Category Archives: Seacoast (mostly) History

Posts related to the history Seacoast area of Maine and NH.

Monuments, politics, and the cycle of forgetting: Remembering Bashka Paeff’s “Horrors of War”

In Kittery, Maine, beneath the shade of an oak tree on a peaceful green common stands a monument that once stood in the cross-hairs of a politician who didn’t like its focus on the horrors of war. Today, many pass … Continue reading

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The tragedy of the waitresses: A 1902 boating accident claims 14 lives at the Isles of Shoals

Fourteen people died in Kittery, Maine on July 17, 1902.  I came across a list of the dead by accident, while browsing through some old Town Reports. All who died were young, including three pairs of sisters. How had these … Continue reading

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Return visit to Orris Falls with Windows to the Wild

Early in January, 2017, I enjoyed a chilly morning to Orris Falls Conservation Area with Windows to the Wild host Willem Lange and producers Steve Giordani and Phil Vaughn. The resulting show, titled “The Maniacal Traveler” is scheduled for broadcast … Continue reading

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Searching for the lost village of Punkintown

In the 1920s, unmarried sisters Mary and Almira Payne reportedly were the last residents of Eliot’s Punkintown, a small community of 10 or so families who once lived near the outlet of York Pond. One town history relates Mary had no legs … Continue reading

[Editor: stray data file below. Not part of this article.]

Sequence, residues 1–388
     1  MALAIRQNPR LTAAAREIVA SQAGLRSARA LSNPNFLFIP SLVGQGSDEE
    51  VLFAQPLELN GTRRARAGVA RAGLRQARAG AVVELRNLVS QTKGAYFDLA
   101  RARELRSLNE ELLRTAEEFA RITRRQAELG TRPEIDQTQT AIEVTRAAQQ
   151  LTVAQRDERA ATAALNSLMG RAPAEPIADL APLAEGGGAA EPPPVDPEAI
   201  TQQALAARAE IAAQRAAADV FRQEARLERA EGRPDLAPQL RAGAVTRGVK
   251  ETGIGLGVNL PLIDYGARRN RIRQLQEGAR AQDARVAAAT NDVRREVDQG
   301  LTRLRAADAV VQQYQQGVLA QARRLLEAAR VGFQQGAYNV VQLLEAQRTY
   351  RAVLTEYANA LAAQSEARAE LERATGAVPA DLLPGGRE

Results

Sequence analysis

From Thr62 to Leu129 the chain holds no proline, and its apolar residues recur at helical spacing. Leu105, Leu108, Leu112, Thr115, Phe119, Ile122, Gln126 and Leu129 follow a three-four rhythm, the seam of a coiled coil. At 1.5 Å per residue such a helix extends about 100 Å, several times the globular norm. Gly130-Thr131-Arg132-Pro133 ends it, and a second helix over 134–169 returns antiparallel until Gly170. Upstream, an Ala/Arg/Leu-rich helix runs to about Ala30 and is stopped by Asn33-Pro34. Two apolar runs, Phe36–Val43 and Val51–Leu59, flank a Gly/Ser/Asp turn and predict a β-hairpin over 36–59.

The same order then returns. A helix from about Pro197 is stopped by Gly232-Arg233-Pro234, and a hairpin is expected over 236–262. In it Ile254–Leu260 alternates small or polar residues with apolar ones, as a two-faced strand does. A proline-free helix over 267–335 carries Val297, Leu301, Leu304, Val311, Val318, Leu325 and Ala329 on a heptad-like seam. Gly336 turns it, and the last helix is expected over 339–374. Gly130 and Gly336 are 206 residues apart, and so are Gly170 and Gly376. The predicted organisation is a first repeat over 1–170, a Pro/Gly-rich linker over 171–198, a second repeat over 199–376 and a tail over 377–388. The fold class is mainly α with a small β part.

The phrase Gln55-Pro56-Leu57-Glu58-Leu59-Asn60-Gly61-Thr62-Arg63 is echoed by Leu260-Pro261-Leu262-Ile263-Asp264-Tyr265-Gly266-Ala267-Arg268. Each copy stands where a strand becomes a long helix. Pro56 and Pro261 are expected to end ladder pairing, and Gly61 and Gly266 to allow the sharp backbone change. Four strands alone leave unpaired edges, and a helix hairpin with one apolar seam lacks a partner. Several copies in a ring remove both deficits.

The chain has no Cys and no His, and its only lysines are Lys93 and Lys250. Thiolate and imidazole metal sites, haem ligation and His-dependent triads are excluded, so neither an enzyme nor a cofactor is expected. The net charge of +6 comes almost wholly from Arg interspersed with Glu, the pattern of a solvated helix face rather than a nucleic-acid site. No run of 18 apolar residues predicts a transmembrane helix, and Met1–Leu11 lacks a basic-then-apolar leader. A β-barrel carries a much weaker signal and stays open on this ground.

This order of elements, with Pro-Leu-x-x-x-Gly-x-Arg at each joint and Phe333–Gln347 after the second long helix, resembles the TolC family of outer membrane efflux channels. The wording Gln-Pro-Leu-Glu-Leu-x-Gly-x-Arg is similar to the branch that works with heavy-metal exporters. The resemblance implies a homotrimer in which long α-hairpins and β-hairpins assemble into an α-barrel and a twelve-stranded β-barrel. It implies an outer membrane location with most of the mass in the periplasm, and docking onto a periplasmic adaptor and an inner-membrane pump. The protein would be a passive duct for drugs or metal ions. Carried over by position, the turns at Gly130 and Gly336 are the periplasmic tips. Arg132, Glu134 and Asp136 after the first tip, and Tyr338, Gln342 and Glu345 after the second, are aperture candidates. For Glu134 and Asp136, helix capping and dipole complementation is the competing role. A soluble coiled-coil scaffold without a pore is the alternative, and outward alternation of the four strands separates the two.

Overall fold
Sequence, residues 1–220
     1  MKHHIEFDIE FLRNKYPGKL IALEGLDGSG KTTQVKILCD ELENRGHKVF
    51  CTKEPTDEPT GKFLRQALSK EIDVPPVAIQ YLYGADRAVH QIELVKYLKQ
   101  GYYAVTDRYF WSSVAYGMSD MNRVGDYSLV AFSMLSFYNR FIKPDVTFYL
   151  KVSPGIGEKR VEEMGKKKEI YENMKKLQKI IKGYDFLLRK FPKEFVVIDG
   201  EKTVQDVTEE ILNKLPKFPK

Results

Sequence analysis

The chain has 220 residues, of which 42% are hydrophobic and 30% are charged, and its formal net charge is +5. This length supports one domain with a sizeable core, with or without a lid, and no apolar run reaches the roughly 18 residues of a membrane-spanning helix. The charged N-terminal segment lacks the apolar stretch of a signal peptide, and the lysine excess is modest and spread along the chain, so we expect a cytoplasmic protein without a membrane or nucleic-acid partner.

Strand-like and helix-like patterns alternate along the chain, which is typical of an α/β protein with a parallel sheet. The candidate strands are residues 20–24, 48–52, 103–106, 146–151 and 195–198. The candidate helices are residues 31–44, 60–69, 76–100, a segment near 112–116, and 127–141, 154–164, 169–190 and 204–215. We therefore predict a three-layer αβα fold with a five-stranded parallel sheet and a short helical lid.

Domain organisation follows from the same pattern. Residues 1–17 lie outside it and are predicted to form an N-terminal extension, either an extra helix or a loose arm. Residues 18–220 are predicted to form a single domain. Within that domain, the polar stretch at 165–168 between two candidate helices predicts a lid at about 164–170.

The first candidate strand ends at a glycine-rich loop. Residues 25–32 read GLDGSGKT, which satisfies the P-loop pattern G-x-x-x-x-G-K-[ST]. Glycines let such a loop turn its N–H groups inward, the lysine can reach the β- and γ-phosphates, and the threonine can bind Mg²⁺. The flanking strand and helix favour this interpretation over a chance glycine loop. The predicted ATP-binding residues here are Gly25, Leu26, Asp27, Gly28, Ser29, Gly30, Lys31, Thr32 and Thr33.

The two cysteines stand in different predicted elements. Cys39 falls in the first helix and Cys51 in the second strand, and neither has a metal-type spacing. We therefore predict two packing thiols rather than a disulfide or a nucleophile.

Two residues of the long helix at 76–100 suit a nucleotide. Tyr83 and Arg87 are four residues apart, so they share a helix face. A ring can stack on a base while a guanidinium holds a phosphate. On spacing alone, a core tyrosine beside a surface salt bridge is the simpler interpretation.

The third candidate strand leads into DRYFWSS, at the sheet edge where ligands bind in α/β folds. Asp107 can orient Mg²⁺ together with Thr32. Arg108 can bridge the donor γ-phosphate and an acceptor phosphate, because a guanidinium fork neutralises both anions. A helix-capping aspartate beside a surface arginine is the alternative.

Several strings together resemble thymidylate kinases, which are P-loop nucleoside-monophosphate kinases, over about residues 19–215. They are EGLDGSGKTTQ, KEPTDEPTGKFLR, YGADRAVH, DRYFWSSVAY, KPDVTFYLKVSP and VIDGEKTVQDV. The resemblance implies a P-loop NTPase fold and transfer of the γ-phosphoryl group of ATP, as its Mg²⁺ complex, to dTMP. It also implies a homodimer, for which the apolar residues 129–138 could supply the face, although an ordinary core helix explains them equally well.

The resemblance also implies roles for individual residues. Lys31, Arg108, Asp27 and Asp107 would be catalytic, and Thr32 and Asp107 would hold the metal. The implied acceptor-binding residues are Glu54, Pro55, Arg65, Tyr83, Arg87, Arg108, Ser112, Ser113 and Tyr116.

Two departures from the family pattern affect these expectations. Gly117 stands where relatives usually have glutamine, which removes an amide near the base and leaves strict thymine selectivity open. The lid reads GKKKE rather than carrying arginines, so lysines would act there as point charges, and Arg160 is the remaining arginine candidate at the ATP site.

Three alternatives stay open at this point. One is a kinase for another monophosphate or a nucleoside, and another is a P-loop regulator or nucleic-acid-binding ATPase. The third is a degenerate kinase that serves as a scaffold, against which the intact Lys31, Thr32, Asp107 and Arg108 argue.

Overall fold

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Fragments of history: When the KKK marched in Kittery, Maine

Why and how did Kittery-ites join the Ku Klux Klan in the 1920s? The Foreside parade in this undated J. Frank Walker photo likely took place on either June 30, 1924, or August 17, 1925, when Portsmouth Herald articles document these … Continue reading

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Lives lived, and lost, at the Kittery Town Forest

Sometimes when I walk in Kittery’s 72-acre Town Forest, I wonder what became of Ella Hill and her girl Annie. From 1891 to about 1897, Ella and Annie lived here at the Town Farm, or Poor Farm. In 1891, the … Continue reading

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Remnants of the Gilded Age at Brave Boat Harbor

Kittery Point, Maine — I dip my paddle in the water, push the kayak into the channel, and glide away from the causeway.  I’m paddling into the marsh, heading out to Brave Boat Harbor for high tide. At least once … Continue reading

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Skulls of history in a forgotten tomb

Where was he, the most noteworthy man who ever called my town home? Back and forth I wandered, searching. Where was the life-sized portrait of Sir William Pepperrell? At the Peabody Essex Museum in Salem, Massachusetts, nobody seemed to know, … Continue reading

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Snowmageddon 2015? Remembering the winter of 1716-17

By December, five feet of snow blanketed the ground. Although temperatures were not bitterly cold, the snow kept falling, with several storms in January. By early February, some drifts rose 25 feet. On February 18, the snow began falling again, … Continue reading

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A different kind of Groundhog Day: The Candlemas Massacre

On January 24, on the morning after Candlemas Day, 1692, the town of York, Maine was burned to the ground by a band of 150 Abenaki Indians.  Between 40 and 48 people were killed in the massacre, with an estimated … Continue reading

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